Michael Lorenzen didn’t believe the news when he first heard he made the All-Star team this summer.
“This is fishy,” he told Evan Petzold of the Detroit Free Press. “There is no way I made the All-Star Game, like there is absolutely no way.”
Lorenzen wasn’t just being humble. When the All-Star rosters were announced, he had a 4.28 ERA through his first 14 games. That’s a respectable number, especially for a pitcher averaging nearly six innings per start, but it’s unusual to see anyone with an ERA that high in the Midsummer Classic.
However, there’s a simple explanation. Lorenzen didn’t make the team on his own merit. He was chosen by the commissioner’s office after no Tigers players were elected on the fan or player ballots. The team needed a rep, and Lorenzen got the nod. It happens every year – less-than-deserving players make the squad because every team is guaranteed at least one representative.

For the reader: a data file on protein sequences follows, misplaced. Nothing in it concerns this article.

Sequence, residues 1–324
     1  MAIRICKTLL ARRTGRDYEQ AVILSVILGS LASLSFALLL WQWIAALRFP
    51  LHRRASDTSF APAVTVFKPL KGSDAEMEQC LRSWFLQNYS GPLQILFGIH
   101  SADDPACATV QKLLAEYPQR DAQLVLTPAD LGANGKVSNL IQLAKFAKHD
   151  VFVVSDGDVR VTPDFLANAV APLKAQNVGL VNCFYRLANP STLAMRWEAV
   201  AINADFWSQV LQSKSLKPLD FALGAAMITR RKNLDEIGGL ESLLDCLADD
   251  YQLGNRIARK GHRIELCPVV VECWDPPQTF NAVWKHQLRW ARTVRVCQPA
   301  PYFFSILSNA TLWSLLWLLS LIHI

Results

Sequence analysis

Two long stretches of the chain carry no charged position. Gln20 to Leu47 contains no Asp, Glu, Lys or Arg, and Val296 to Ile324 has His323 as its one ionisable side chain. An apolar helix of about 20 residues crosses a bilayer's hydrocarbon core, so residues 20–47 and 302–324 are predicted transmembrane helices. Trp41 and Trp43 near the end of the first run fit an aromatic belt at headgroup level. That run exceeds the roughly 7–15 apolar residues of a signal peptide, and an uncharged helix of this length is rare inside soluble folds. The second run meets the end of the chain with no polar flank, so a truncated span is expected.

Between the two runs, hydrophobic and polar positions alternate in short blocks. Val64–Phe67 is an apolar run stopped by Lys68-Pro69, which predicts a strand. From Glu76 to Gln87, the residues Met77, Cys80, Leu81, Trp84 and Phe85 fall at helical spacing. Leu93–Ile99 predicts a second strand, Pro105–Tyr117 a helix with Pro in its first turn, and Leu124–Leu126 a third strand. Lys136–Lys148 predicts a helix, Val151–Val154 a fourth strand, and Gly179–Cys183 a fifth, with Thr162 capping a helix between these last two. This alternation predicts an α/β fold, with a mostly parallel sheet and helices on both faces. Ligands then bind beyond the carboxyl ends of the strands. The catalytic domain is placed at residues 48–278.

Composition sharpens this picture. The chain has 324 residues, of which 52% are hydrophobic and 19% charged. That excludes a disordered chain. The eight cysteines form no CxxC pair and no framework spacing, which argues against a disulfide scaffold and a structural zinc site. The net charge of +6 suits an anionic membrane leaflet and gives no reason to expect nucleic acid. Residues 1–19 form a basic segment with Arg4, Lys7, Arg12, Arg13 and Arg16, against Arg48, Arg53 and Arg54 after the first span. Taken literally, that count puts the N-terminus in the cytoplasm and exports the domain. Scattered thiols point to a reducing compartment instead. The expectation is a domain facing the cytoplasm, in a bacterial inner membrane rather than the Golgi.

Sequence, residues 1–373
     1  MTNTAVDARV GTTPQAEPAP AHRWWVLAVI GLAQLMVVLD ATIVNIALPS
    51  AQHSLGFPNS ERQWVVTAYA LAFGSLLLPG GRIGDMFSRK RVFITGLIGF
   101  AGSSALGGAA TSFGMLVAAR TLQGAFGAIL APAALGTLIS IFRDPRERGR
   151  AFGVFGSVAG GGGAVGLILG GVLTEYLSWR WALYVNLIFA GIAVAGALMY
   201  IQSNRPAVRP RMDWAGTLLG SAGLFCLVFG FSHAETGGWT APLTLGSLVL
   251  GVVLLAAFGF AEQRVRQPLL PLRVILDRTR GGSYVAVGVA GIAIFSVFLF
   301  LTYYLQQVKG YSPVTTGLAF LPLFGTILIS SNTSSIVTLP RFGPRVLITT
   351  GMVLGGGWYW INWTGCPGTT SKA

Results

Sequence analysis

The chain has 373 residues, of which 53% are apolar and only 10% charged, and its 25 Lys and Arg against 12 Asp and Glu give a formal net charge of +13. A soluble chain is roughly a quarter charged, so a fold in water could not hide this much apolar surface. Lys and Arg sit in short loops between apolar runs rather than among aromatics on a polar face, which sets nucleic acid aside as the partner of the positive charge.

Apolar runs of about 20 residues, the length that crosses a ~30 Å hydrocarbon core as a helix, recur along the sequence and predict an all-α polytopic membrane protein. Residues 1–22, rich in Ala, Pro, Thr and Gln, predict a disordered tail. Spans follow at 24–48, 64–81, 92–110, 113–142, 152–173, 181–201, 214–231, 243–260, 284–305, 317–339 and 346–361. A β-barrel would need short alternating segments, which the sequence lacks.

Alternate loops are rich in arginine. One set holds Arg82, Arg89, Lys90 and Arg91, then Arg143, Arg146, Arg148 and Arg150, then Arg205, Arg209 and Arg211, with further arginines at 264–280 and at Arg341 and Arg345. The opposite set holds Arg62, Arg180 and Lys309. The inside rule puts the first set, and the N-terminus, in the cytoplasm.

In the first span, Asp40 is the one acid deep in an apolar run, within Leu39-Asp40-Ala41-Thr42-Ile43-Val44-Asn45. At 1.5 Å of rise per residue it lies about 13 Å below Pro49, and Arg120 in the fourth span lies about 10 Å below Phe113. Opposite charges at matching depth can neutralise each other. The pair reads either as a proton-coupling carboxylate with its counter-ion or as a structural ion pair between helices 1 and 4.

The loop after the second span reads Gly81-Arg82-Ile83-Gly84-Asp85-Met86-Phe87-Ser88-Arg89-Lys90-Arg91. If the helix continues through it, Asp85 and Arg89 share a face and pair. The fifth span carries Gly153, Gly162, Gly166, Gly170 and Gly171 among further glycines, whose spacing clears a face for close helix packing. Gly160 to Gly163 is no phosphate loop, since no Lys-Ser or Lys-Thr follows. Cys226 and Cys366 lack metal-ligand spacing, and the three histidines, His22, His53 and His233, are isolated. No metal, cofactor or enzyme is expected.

Funnily enough, the Phillies have added an All-Star starting pitcher at the trade deadline in all three seasons of Dave Dombrowski’s tenure at the helm. Yet every year, there has been an asterisk next to that designation.
Last season, it was Noah Syndergaard. Once a superstar in the making, his career has been derailed by injury; when he came to Philadelphia in 2022, he was a shadow of his former self. The year before, it was Kyle Gibson, a veteran back-end starter who earned an All-Star nod thanks to an unsustainable red-hot start.
Each year, the headlines have bragged about the Phillies’ latest All-Star acquisition. Each year, the fanbase prepares for disappointment, knowing the pitcher they’re about to watch won’t live up to his All-Star billing.